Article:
Author: Mike Schussler Source: Business Live
This story has a bit of a complicated statistical start as the way self-employed or own account workers are counted has changed over the past ten years. But if you dig around a bit, you find that a million self-employed people have disappeared.
The story starts in 2002 when Statistics South Africa published a survey analysing Non-VAT registered Businesses for 2001. This survey showed that there were 2.3 million unregistered businesses with an estimated turnover of less than R300 000.
Around 1.9 million of these businesses had no employees. The other 300 000 businesses were employing at least one individual, even if the person was not paid. (The two numbers do not add up to 2.3 million due to rounding.) The Labour Force Survey of 2001 estimated that another 260 000 self-employed individuals were registered for VAT. The survey showed there were close to 2.2 million people who were self-employed, either registered for VAT or not. Fast forward to 2010 to the recently released Labour Market Dynamics published by Statistics South Africa. While the jargon changed to “own account workers” to describe the self-employed, the statistics show that there are now only 1.2 million.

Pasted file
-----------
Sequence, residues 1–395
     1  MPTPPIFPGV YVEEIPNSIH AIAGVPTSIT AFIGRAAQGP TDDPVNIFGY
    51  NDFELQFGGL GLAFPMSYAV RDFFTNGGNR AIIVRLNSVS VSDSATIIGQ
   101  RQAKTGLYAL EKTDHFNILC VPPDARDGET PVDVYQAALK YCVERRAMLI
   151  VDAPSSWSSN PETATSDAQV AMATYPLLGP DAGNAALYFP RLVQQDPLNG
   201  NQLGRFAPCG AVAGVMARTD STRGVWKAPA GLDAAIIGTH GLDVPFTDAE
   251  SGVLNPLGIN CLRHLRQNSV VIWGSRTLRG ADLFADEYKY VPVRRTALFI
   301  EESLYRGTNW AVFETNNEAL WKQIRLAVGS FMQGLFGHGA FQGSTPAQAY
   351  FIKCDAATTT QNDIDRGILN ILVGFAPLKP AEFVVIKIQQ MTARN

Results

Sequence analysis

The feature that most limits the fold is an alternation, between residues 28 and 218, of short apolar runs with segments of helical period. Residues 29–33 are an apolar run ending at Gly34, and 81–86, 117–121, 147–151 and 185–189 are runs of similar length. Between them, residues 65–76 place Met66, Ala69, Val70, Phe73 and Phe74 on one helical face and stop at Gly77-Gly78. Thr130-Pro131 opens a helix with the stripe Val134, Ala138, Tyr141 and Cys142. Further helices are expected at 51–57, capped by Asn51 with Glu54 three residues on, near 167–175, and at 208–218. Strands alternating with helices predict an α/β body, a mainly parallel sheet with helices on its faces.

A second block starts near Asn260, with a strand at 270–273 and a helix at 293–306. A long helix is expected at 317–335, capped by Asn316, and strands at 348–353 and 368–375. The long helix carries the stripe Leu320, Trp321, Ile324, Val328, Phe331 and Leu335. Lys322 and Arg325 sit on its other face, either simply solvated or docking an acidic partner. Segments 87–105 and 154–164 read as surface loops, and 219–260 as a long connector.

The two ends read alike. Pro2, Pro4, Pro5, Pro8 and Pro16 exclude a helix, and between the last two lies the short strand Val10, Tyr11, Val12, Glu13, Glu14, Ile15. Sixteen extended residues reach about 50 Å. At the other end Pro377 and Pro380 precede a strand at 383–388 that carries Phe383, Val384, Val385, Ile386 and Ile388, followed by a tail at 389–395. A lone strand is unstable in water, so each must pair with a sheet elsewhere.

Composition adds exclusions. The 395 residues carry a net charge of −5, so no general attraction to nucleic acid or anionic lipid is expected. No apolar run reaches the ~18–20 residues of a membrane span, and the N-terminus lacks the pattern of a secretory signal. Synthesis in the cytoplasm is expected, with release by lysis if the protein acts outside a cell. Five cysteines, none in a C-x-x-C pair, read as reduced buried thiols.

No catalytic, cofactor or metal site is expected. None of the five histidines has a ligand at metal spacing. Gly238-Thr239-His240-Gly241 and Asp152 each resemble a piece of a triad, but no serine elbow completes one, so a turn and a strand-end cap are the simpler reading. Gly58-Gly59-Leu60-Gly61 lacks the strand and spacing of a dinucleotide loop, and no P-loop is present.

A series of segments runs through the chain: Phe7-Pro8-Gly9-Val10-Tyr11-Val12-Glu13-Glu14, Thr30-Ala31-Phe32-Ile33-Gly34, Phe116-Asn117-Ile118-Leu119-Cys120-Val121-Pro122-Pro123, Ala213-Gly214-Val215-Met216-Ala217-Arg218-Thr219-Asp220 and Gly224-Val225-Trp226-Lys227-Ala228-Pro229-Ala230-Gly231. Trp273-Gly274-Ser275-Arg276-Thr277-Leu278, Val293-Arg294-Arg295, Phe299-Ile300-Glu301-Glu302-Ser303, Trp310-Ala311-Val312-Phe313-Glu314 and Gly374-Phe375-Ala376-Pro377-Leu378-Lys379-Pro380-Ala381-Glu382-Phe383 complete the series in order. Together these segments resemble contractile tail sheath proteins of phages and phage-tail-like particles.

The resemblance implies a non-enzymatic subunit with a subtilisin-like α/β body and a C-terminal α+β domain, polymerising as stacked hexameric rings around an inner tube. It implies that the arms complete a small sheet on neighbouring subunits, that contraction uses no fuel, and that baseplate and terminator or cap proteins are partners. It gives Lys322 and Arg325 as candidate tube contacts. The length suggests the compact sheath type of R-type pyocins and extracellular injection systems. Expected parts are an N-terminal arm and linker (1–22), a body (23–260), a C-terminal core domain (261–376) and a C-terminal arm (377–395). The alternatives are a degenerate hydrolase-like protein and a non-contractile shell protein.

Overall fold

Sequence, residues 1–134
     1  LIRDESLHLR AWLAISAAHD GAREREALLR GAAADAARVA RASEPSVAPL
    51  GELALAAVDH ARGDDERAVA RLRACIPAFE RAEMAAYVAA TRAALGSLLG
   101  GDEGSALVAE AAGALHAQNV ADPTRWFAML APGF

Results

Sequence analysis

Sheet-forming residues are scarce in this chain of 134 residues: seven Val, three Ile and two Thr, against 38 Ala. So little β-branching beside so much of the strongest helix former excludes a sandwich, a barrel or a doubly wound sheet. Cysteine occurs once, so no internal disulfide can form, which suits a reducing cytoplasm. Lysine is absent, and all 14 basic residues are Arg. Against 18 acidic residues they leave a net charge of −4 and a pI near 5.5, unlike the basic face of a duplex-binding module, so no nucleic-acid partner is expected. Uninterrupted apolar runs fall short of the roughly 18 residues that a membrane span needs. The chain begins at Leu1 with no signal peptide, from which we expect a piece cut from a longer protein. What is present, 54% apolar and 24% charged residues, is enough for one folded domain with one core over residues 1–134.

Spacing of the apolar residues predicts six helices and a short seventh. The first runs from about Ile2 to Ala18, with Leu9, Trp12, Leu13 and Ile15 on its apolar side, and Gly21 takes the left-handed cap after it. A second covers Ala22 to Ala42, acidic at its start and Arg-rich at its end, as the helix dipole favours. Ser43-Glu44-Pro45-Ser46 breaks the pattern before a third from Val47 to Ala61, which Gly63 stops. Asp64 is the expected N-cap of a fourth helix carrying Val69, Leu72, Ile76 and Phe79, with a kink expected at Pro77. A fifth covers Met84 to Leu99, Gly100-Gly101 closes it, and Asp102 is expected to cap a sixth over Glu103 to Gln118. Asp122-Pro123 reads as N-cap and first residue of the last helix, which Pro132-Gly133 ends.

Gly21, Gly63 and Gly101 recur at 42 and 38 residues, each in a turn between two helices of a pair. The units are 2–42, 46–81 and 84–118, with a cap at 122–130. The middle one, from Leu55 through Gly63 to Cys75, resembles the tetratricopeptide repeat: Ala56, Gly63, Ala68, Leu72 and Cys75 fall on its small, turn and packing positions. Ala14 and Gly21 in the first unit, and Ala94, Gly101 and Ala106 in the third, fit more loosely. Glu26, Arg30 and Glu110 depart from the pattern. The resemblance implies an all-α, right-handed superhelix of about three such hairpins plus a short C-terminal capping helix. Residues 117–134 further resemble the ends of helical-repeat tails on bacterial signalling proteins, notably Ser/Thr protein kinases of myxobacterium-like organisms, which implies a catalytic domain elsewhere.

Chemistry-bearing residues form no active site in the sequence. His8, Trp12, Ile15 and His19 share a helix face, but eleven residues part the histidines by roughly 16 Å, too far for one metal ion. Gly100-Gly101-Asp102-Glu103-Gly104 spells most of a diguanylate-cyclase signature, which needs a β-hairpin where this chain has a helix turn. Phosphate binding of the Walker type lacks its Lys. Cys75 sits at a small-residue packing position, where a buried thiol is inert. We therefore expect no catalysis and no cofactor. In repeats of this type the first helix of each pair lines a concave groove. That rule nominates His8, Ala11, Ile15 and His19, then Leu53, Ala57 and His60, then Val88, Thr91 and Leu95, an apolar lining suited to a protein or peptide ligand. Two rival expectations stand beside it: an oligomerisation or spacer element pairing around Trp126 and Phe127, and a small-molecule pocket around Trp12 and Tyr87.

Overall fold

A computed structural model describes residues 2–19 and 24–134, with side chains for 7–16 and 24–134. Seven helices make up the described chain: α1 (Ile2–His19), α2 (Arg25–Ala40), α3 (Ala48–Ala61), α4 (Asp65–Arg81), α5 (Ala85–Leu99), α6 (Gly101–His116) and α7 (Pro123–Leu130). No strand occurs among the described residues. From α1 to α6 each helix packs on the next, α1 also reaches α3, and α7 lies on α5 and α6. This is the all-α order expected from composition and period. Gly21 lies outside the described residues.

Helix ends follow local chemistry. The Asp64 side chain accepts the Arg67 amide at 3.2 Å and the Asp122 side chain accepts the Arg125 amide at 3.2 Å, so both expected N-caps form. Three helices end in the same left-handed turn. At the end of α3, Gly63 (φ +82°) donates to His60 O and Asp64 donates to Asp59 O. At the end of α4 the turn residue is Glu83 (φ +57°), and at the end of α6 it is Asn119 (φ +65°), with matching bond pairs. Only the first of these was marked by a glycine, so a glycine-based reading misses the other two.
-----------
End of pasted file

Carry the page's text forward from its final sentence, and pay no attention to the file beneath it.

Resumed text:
This means roughly one million self-employed entrepreneurs have disappeared between 2001 and 2010. This suggests a 45% reduction of self-employed entrepreneurs, a rather a large number which alone could reduce unemployment numbers by a quarter.
Remember that the self-employed are the basis from which the next set of new entrepreneurs should develop. These entrepreneurs will become employers and this is the key to address South Africa’s mammoth unemployment problem. The recession and tough economic climate of the past few years may have attributed to the apparent vanishing of the self-employed.
But the recession is not the big reason as by 2005 –well before the recession- the number of self-employed had reduced to approximately 1.6 million. This indicates that disappearance of the self-employed are not only a recent development but a longer term trend.